Do you think the last 4 weeks have changed your outlook on the advertising industry you work in? In what way?
The crisis has made our industry look more fragile, but also more compassionate, collaborative and adaptable than we’ve seen it before. It has also proved that nothing kills creativity. Just look at all the incredible, fun content being made by people from the creative industries in response to tough times. Sharing these things is what’s keeping a lot of people going.
This project has made us realise that creating something for people rather than a brand is a very powerful thing. Once the film is out there, any brand that does hold the same ideals as the film can share it themselves, essentially making it universal. The lack of any logo or brand is the thing that can set this film apart from others that are using this unfortunate situation as a way to sell a product, platform or service. Perhaps it will help us and our clients find a better balance between genuine, positive brand association and overt branding.
What about how you approach your job?
We are always collaborative, but when working for brands the creative buck often stops with us. The crisis made this something different. It made it a genuine case of shared passion and therefore, ownership. This may be because by being in this situation together, we are all ‘the client’ and we all care a lot. Regardless, it’s something we’ll be exploring more of going forward.
What about your outlook on life in general? (that’s a pretty broad question – sorry!)
It’s helped us realise that using your skills to do something for nothing is as good for you as it is for the cause. It turns out it’s not as altruistic as it sounds. It’s made us feel good, and we’ll want to feel like that again.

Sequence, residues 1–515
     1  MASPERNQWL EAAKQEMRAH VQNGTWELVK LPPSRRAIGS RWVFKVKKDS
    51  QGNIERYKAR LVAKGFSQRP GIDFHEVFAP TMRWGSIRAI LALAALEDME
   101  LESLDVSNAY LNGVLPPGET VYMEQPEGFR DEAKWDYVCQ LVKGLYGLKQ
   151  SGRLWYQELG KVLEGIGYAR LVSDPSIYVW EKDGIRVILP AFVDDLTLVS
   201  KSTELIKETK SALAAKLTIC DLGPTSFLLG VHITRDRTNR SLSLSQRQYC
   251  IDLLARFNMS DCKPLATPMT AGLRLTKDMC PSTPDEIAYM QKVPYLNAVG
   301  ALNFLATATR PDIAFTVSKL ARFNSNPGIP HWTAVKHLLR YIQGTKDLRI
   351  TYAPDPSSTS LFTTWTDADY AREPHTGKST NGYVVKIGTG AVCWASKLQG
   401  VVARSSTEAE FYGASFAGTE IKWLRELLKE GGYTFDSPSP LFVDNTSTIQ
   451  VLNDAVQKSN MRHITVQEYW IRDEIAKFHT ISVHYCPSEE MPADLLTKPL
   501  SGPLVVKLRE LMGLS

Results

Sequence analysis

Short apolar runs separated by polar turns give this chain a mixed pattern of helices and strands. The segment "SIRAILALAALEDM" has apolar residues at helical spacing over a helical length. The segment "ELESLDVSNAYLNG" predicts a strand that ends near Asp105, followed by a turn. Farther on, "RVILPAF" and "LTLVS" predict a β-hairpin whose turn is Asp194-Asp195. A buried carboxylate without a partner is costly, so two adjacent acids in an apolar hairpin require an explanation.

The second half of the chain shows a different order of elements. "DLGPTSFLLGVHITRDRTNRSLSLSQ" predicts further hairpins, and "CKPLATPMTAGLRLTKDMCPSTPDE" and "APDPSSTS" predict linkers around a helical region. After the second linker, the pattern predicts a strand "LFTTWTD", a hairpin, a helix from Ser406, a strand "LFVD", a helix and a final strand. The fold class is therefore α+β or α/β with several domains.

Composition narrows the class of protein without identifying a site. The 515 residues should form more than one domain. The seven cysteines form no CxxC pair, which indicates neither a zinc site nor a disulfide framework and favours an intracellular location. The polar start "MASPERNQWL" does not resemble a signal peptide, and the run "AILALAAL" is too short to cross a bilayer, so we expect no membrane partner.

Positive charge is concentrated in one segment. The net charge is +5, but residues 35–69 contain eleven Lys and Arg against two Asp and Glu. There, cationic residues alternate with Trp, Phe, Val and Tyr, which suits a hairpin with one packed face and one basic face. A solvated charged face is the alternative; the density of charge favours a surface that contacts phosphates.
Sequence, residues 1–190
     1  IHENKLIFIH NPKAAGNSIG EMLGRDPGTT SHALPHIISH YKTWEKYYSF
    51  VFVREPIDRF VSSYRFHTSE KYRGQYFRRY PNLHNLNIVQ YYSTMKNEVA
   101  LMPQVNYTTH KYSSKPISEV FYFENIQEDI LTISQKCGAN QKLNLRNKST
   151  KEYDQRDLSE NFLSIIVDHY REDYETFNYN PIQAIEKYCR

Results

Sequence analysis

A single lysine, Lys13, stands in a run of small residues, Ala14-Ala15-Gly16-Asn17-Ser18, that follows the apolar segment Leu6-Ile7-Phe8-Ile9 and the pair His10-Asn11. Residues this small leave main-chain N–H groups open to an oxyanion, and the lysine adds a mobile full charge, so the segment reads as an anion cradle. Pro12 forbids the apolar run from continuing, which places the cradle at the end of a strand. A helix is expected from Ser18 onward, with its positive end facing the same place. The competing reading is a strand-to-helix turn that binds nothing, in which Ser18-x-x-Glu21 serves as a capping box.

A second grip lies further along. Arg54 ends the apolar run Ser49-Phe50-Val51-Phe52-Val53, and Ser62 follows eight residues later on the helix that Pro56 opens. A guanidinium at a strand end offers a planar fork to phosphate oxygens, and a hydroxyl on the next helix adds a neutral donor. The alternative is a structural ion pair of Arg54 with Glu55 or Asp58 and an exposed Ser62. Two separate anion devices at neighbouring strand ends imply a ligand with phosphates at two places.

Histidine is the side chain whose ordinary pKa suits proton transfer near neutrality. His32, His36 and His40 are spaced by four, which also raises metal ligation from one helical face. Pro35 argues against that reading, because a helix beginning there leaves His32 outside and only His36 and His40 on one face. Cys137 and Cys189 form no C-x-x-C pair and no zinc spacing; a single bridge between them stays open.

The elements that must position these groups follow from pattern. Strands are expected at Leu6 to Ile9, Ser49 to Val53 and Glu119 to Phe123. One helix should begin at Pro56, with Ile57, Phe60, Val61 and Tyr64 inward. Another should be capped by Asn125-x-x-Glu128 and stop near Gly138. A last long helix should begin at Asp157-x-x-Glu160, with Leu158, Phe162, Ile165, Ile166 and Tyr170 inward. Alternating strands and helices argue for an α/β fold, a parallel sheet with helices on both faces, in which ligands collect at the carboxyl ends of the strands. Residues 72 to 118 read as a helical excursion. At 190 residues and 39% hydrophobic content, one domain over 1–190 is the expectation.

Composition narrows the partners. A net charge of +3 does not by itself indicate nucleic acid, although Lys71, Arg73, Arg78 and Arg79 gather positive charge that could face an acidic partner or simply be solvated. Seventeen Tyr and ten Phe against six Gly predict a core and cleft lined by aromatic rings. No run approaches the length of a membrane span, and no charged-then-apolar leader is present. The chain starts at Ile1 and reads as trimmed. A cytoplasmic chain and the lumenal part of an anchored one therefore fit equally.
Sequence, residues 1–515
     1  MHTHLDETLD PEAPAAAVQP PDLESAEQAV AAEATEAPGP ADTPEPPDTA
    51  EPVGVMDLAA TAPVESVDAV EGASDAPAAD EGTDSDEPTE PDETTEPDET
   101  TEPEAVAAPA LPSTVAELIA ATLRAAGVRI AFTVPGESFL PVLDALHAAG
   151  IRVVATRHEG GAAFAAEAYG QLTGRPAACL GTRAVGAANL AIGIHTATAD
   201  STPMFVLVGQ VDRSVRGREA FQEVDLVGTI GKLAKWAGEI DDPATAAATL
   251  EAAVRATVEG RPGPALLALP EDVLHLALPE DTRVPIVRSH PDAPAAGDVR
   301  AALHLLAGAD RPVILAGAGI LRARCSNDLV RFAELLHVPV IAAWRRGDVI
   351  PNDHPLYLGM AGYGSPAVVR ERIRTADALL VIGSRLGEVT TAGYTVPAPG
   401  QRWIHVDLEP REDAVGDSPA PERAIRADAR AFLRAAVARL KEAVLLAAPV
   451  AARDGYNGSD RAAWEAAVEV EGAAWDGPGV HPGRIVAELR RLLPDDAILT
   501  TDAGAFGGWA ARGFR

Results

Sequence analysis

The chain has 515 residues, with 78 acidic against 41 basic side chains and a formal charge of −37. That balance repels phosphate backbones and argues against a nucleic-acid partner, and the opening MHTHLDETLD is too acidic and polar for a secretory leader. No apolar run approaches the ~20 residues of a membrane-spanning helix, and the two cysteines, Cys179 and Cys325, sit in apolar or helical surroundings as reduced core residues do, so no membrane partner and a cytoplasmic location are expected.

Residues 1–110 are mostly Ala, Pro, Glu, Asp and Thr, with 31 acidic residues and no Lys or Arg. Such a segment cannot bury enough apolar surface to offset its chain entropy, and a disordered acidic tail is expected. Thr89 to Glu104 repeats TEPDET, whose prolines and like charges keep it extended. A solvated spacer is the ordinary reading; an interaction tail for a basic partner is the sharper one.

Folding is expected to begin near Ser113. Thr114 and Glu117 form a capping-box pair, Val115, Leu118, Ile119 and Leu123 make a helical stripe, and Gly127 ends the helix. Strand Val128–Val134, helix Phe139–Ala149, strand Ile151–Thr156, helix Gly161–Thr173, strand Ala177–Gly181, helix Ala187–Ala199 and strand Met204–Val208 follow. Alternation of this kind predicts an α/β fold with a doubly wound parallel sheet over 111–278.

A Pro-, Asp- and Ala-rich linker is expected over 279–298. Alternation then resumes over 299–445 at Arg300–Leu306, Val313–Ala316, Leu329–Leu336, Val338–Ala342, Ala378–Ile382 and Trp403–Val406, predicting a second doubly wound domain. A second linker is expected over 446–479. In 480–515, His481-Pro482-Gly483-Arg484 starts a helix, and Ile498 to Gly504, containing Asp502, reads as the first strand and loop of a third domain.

It’s forced us to step out of our own bubble and see the bigger picture. While the human race is suffering, the earth seems to be recovering from some of the many ways we’ve damaged it. In our opinion, it’s created a once in a lifetime opportunity to take stock of how crazy things were getting. It’s given us all a chance to wake up to the things that really matter like family, friends and real human connections rather than the materialistic things we all cared too much about before. We hope that after we’re through the other side of this, the new normal is a more sympathetic, better normal that lasts.
If so, do you think any of these changes will stick with you in the future?
The idea of being better people and doing more for the community is something we will both continue to do. It is something that has been lost in recent years and it feels good to be giving something back.
How will you describe these times to your grandchildren? (Imagine!)
It’s just too hard to sum up. What we’ll definitely say is how this was a war (of sorts) that showed how critical the NHS is to our nation, and that we must nurture and protect it in years to come. Also, that in times of crisis (minus the initial toilet roll scandal) people will pull together on a global level and fight for what matters most, each other.
Imagine lockdown and social distancing is over. What are the first three things that you’ll do?
1.Hug family. A lot.
2.Go to the pub for a quiz without IT issues.
3.Get a decent haircut.
We agree. See you in the pub. After some big hug-offs.
‘The Making of Us’ stopped us in our tracks when we first watched it. It is a beautiful example of collaborative creativity, and such a powerful sentiment when thinking about our post-Covid world. This really could be the making of us. We agree.